I greatly dislike this couple playing antique shop owners and it’s only day one. I’ve dabbled in antiques most of my life, so there’s one strike against their trade.
Marie Wallace plays yet another incarnation, in a merry-go-round of reusable actors. I didn’t like her acting for any of them (she was semi-meh as Jenny). She sure can’t pull off this young married wife this time around. She looks old enough to be this gay guy’s mother. Her teeth always looked so horrible and bad-phony to me. Her smile gives me the creeps. I want her to go brush whatever she’s wearing in her mouth! Fangs on Barnabas look much better! They should have brought Terry Crawford back. She was a far, far better actress than Wallace, contrary to what many thought of her role as Beth.
As for the “husband” in the antique shop couple, I’m face palming because he’s so screamingly gay. Why would they cast someone who didn’t have the acting chops to play the role in a heterosexual marriage is beyond me. I easily write them both off. Bernau wrote himself off in the end.
Gak. I just looked them up and we have to suffer through them for about 80 episodes. These two are like fitting square pegs into round holes or vice versa, in terms of the Collins family circle. I can’t believe they wrote a large story line for these two. Bah!
To be fair, Christopher Bernau went on to play Alan Spaulding in Guiding Light and was pretty beloved in the part. Alan was very heterosexual and was part of a very popular couple. This was several years later, starting in 1977, so he had honed his craft by then. He is ranked as one of the best soap opera actors in several lists of that nature. Basically he got better at his job.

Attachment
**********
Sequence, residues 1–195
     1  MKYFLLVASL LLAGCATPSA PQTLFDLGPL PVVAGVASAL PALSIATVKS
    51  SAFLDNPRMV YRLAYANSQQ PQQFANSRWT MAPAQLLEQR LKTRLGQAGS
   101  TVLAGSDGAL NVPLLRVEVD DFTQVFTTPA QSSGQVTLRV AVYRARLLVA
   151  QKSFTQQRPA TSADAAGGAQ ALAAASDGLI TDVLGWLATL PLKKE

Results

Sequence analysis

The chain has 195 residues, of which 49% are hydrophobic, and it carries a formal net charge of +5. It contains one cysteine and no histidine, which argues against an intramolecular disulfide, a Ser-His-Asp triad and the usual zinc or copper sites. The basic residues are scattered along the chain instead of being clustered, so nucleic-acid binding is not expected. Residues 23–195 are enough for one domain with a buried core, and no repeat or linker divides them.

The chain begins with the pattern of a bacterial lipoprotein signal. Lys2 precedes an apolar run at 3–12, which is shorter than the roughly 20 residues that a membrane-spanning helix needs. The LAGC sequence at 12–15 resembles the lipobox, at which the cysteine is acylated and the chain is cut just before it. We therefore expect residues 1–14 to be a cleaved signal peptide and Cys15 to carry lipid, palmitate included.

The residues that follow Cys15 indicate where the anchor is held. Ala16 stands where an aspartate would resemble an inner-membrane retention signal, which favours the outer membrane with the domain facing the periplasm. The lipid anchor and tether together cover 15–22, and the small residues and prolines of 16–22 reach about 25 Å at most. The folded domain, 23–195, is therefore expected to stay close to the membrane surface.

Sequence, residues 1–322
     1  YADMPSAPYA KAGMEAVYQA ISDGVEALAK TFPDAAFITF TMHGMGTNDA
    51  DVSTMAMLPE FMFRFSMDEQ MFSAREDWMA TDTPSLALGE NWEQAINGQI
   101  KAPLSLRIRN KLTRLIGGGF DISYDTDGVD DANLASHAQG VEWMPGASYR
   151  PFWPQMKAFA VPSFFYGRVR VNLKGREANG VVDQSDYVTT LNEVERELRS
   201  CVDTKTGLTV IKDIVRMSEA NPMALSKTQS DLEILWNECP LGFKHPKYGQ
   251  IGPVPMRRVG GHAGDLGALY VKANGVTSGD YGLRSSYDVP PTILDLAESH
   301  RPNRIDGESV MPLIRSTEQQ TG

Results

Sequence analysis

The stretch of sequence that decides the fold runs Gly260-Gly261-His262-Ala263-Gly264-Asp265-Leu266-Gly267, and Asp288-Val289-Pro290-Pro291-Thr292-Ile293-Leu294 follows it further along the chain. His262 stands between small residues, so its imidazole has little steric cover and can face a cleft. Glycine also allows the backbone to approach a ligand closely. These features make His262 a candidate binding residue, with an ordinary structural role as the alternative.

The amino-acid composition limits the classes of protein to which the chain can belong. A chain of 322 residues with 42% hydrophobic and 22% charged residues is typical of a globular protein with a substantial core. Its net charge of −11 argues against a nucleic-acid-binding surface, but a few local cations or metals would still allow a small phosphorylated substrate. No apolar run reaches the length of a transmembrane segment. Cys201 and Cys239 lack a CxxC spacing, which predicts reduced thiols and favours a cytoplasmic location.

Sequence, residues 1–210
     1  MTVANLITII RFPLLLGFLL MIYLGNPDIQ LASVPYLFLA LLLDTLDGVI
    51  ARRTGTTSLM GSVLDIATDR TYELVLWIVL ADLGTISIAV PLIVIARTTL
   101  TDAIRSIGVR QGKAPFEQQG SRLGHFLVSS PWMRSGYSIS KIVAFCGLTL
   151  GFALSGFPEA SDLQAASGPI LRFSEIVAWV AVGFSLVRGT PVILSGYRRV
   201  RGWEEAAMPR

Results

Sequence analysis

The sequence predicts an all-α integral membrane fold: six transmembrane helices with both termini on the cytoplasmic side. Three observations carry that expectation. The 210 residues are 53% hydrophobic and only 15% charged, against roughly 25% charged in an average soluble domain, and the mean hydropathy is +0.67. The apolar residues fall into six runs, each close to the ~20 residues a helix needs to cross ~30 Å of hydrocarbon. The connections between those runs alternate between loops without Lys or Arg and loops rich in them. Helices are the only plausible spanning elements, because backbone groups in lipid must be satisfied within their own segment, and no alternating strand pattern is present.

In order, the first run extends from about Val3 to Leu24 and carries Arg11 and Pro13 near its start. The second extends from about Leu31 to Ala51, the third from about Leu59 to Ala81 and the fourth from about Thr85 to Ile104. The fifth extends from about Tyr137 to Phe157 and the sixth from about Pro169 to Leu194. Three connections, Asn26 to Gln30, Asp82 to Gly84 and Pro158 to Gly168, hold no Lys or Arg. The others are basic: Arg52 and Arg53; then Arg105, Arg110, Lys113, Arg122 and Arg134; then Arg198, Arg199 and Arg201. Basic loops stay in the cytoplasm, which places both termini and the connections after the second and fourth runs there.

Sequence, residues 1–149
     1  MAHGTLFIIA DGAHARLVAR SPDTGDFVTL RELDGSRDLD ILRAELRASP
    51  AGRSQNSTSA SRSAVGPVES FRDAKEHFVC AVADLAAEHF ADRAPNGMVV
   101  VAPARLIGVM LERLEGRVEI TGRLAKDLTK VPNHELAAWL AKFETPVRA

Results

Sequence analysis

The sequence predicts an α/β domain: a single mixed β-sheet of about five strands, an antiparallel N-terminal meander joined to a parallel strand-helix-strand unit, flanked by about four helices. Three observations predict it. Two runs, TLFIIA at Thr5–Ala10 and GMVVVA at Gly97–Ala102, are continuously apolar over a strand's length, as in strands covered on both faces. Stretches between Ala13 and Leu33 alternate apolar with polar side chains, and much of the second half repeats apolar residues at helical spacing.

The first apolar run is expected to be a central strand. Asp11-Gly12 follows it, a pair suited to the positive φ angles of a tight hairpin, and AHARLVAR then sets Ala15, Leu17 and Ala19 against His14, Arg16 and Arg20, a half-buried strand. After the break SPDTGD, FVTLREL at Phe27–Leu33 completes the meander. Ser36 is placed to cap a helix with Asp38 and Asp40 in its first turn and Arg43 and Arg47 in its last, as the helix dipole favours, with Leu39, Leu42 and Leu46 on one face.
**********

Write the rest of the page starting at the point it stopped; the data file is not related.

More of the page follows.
Christopher Bernau looked to be wearing a woman’s sweater dress that had been cut off to be just a sweater. The belt on it was so strange!
I hate that Julia is going to be the main character for awhile. I cannot stand all her tics and looks upward, etc.
I was excited to see Marie Wallace again.
And Carolyn’s father returning?! How twisty!!
I’m glad you mentioned the belted tutleneck on Philip. They were a really horrific fashion aberration of the late 1960s. No wonder we immediately dislike him.
For a horrible moment, I thought the stranger was Addison Powell, THE WORST ACTOR EVER ON DARK SHADOWS!! But he wasn’t. Phew.
The strange pig weasel thing reminds me of a javelina – a wild small boar that smells extremely bad out in the West such as in Arizona. A scavenger critter that can scramble around rocks almost like a goat.
I was getting Acorn Antiques vibes from the shop. Or hoping to.
Addison Powell is the third worst actor on Dark Shadows. The stiff that played Jeremy Grimes in 1840 was second worst, and Craig Slocum gets the prize for worst. Discussion closed.